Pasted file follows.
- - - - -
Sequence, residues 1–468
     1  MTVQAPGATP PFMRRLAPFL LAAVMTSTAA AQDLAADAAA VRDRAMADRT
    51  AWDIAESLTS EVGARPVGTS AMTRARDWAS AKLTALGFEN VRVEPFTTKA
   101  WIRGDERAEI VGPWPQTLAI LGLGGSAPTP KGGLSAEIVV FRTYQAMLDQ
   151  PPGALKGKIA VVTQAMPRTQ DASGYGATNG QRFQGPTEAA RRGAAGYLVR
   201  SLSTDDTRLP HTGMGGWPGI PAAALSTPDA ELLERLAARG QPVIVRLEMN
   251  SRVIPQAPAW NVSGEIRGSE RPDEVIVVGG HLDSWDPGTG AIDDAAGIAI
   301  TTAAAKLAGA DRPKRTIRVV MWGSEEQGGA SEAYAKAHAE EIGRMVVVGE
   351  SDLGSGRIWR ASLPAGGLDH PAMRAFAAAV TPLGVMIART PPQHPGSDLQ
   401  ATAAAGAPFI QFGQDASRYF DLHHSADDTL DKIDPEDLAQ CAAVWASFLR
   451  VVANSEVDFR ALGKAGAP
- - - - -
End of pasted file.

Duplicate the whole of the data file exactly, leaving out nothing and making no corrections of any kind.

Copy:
Sequence, residues 1–468
     1  MTVQAPGATP PFMRRLAPFL LAAVMTSTAA AQDLAADAAA VRDRAMADRT
    51  AWDIAESLTS EVGARPVGTS AMTRARDWAS AKLTALGFEN VRVEPFTTKA
   101  WIRGDERAEI VGPWPQTLAI LGLGGSAPTP KGGLSAEIVV FRTYQAMLDQ
   151  PPGALKGKIA VVTQAMPRTQ DASGYGATNG QRFQGPTEAA RRGAAGYLVR
   201  SLSTDDTRLP HTGMGGWPGI PAAALSTPDA ELLERLAARG QPVIVRLEMN
   251  SRVIPQAPAW NVSGEIRGSE RPDEVIVVGG HLDSWDPGTG AIDDAAGIAI
   301  TTAAAKLAGA DRPKRTIRVV MWGSEEQGGA SEAYAKAHAE EIGRMVVVGE
   351  SDLGSGRIWR ASLPAGGLDH PAMRAFAAAV TPLGVMIART PPQHPGSDLQ
   401  ATAAAGAPFI QFGQDASRYF DLHHSADDTL DKIDPEDLAQ CAAVWASFLR
   451  VVANSEVDFR ALGKAGAP